I’d love to see more of Mo Kamran, but I have this feeling that this book was a standalone and the universe won’t be expanding. First Response would make an excellent movie, with so many different incident points and a grand scale, it would certainly be something I’d go to a cinema to see on the big screen.

Review: No Safe Place by Matt Hilton

no safe place

No Safe Place by Matt Hilton (Joe Hunter, #11), Kindle edition, Sempre Vigile, May 2016. 270p.

4 out of 5 stars.

I reviewed previously:

The Devil’s Anvil (Joe Hunter, #10). 4.5 stars.

Old Fighters often seek that one final battle, where they can prove they aren’t over the hill, that they’re still a contender for the crown.  – No Safe Place by Matt Hilton

The Joe Hunter series is a contender for the title of most thrilling series. Each book consistently delivers more excitement, better plot and sympathetic characters. There is no doubt that Hunter would be the person I’d call if shit was hitting the fan. After so many books in the series, however, sometimes protagonists forget they should grow up. Matt Hilton has handled that brilliantly in No Safe Place – Hunter is starting to feel his age. He’s packing his backpack full of bricks to prove to himself he’s still hard.

The plot of No Safe Place is suitably twisted, with one red herring after another making it hard to decide if I knew what was coming next or not. A woman is killed in a home invasion/robbery, and Joe Hunter is hired to protect her son from further attacks. What follows is a race to find her killer, but not all is as it seems.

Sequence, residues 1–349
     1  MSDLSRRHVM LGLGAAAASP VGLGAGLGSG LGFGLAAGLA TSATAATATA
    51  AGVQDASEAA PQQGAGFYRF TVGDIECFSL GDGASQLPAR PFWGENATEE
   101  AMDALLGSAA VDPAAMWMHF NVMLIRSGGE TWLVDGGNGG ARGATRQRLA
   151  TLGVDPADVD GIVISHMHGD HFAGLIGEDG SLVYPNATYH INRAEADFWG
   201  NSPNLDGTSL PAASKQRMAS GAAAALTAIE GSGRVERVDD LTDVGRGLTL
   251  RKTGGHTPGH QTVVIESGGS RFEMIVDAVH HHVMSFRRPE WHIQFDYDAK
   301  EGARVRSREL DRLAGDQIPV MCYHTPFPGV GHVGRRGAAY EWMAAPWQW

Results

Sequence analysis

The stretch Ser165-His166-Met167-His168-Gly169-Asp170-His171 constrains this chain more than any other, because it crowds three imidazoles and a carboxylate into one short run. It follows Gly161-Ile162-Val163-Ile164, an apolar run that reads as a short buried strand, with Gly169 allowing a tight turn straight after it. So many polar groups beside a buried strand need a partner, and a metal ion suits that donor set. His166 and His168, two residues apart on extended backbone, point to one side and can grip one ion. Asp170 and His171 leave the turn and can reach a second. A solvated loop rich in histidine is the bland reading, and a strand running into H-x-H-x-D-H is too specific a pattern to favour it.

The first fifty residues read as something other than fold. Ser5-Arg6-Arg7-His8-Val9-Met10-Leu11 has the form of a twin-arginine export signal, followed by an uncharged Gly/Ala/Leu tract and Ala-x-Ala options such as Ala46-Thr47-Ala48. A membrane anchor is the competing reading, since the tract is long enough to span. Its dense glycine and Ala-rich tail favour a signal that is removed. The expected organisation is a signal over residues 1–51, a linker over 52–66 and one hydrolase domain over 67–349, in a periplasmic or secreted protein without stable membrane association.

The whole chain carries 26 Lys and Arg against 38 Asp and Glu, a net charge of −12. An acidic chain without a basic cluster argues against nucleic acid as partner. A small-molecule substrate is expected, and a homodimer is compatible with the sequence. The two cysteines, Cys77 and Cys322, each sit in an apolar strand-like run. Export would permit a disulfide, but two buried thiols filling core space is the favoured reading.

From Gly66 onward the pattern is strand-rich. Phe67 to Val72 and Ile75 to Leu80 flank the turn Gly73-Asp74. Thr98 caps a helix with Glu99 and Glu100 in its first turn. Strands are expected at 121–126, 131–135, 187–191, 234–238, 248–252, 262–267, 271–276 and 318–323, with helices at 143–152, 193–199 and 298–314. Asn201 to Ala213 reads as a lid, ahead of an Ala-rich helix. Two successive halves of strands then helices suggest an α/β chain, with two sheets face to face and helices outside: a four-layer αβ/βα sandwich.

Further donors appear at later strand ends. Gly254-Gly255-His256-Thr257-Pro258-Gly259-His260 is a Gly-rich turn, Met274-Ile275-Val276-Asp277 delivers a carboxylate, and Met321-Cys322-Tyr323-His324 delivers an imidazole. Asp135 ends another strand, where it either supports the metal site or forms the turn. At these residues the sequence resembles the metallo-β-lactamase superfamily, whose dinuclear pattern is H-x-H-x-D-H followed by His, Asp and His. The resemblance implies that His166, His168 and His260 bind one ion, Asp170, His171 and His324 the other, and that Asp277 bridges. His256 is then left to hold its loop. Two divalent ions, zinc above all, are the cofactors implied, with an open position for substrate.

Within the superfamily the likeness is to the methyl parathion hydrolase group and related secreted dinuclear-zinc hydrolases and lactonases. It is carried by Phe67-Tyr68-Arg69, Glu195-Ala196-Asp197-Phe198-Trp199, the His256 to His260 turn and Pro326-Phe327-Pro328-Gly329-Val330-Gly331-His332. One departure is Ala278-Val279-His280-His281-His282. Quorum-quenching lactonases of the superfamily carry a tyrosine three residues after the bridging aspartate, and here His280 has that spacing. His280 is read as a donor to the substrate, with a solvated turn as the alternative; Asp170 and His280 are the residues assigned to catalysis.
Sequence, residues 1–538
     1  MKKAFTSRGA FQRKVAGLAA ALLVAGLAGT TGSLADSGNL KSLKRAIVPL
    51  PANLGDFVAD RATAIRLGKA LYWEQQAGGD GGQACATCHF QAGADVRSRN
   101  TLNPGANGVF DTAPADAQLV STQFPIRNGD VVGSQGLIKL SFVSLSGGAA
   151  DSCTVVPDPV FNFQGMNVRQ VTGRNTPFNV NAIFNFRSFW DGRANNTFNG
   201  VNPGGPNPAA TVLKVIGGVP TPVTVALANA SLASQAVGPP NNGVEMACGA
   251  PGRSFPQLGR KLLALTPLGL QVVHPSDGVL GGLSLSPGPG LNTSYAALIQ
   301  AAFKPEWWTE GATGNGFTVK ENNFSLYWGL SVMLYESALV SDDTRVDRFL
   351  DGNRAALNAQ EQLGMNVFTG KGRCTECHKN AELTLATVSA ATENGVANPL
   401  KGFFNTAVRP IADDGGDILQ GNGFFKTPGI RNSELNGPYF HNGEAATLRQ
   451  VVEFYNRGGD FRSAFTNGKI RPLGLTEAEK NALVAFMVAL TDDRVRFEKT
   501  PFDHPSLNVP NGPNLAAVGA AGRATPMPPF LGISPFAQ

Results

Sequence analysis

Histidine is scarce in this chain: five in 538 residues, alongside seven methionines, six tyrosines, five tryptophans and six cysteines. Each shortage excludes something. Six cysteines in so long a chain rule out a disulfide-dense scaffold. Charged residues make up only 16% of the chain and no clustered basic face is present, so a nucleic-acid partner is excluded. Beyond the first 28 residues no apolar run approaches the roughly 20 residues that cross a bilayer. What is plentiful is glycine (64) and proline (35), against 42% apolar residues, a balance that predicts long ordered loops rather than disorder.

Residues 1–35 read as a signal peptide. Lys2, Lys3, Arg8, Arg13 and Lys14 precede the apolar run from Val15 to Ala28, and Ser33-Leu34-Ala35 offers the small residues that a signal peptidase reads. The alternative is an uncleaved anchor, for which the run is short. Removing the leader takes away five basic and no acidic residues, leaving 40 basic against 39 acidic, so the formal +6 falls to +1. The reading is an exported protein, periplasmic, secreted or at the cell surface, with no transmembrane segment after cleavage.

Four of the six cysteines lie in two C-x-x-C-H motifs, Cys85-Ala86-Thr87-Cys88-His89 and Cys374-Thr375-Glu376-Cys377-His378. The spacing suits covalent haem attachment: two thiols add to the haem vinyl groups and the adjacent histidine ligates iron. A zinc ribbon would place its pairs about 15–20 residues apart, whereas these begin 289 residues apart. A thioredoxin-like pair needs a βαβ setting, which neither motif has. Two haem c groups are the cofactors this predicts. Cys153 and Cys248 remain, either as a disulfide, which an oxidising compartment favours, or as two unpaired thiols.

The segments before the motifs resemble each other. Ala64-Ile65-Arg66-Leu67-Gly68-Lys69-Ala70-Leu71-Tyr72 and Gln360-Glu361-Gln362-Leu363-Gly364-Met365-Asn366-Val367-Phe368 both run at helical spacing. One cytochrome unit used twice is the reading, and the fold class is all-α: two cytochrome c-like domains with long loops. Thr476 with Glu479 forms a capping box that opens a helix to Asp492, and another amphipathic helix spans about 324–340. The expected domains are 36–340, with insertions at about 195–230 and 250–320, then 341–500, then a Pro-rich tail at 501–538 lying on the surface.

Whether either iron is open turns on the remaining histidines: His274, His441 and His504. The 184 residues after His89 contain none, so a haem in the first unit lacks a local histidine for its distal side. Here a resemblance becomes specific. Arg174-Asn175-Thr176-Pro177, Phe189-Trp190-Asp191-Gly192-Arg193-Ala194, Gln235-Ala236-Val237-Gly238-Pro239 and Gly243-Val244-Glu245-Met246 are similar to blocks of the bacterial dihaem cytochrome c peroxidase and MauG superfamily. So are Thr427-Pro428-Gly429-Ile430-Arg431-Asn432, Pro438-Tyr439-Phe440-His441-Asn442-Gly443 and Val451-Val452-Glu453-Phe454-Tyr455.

Hilton’s antagonists are becoming more complex with each book, and the big bad in this book certainly paid off in being understandable but terrifying. I loved the inclusion of a shaggy dog story from Hilton’s own policing career. It’s these little touches of humour and warmth that raises Hilton’s writing above many other thriller series.

Joe and Rink feel like family to me now, after reading of their adventures in the last 10 books. No Safe Place allows them the usual back and forth – the playful banter that I always mention when reviewing Joe Hunter novels is alive and well in this story. I loved that Bryony is back and making Hunter’s life more complicated in the best ways. The subtle romance that is woven through the story is slight, but doesn’t detract from the main story. Which is just how I like my romance in thriller novels.

The reason this doesn’t rate 5 stars is that it felt a little more sparse than usual. The plot wasn’t as fleshed out as usual in a Matt Hilton thriller, and it was too short. There was no subplot, and I am attached to having a subplot in these style novels.

If you are a fan of the Joe Hunter series, definitely check out this book. If you like Reacher style novels, try out a Joe Hunter thriller – they’re better.

Review: The Sandpit by Stephen Leather

the sandpit

The Sandpit by Stephen Leather, (Spider Shepherd, #0.5), eARC from Netgalley, May 2016, 160p.

4 out of 5 stars.

I reviewed previously:

Black Ops (Spider Shepherd, #12) 4 stars.

The Sandpit is a prequel to the Spider Shepherd series. Just a heads up, I’m not an impartial reviewer of any of Leather’s Spider Shepherd books – it’s my favourite series. Over the past couple of years, Leather has been releasing short stories of Dan ‘Spider’ Shepherd’s time in the SAS before he stumbled into his life undercover. The novels follow Dan as he goes undercover and brings down a criminal or terrorist organisation using the skills taught to him by the SAS, and to a lesser extent, the police.

The Sandpit is similar to those short stories, as opposed to the traditionally published series. That’s not to say The Sandpit is a short story – it has body and is longer than some thriller books out there. It’s just not a 500page heavyweight that the Spider Shepherd books usually are. There is more plot and intrigue in The Sandpit than any of the short stories written so far in this series.